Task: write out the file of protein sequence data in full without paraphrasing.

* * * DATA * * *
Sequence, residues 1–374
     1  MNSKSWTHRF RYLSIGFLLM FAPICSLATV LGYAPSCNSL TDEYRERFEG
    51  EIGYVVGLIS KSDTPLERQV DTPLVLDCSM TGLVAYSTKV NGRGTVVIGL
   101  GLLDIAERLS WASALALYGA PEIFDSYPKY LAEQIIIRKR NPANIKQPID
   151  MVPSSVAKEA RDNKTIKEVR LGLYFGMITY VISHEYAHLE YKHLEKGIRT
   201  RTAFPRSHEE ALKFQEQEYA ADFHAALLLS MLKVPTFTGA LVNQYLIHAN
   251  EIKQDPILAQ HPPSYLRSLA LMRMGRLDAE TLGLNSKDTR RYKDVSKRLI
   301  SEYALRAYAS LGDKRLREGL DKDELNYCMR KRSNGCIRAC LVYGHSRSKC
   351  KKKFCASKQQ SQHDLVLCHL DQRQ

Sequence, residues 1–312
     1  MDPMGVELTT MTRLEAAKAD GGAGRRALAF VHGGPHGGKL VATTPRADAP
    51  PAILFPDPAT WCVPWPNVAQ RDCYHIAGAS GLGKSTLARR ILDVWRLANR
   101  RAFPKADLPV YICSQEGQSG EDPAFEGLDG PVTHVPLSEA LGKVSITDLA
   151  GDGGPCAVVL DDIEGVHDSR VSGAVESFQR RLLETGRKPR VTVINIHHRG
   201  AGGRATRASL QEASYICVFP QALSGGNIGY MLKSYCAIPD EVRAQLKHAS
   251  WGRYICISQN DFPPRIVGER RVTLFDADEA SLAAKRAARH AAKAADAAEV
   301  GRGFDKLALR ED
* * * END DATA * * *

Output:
Sequence, residues 1–374
     1  MNSKSWTHRF RYLSIGFLLM FAPICSLATV LGYAPSCNSL TDEYRERFEG
    51  EIGYVVGLIS KSDTPLERQV DTPLVLDCSM TGLVAYSTKV NGRGTVVIGL
   101  GLLDIAERLS WASALALYGA PEIFDSYPKY LAEQIIIRKR NPANIKQPID
   151  MVPSSVAKEA RDNKTIKEVR LGLYFGMITY VISHEYAHLE YKHLEKGIRT
   201  RTAFPRSHEE ALKFQEQEYA ADFHAALLLS MLKVPTFTGA LVNQYLIHAN
   251  EIKQDPILAQ HPPSYLRSLA LMRMGRLDAE TLGLNSKDTR RYKDVSKRLI
   301  SEYALRAYAS LGDKRLREGL DKDELNYCMR KRSNGCIRAC LVYGHSRSKC
   351  KKKFCASKQQ SQHDLVLCHL DQRQ

Sequence, residues 1–312
     1  MDPMGVELTT MTRLEAAKAD GGAGRRALAF VHGGPHGGKL VATTPRADAP
    51  PAILFPDPAT WCVPWPNVAQ RDCYHIAGAS GLGKSTLARR ILDVWRLANR
   101  RAFPKADLPV YICSQEGQSG EDPAFEGLDG PVTHVPLSEA LGKVSITDLA
   151  GDGGPCAVVL DDIEGVHDSR VSGAVESFQR RLLETGRKPR VTVINIHHRG
   201  AGGRATRASL QEASYICVFP QALSGGNIGY MLKSYCAIPD EVRAQLKHAS
   251  WGRYICISQN DFPPRIVGER RVTLFDADEA SLAAKRAARH AAKAADAAEV
   301  GRGFDKLALR ED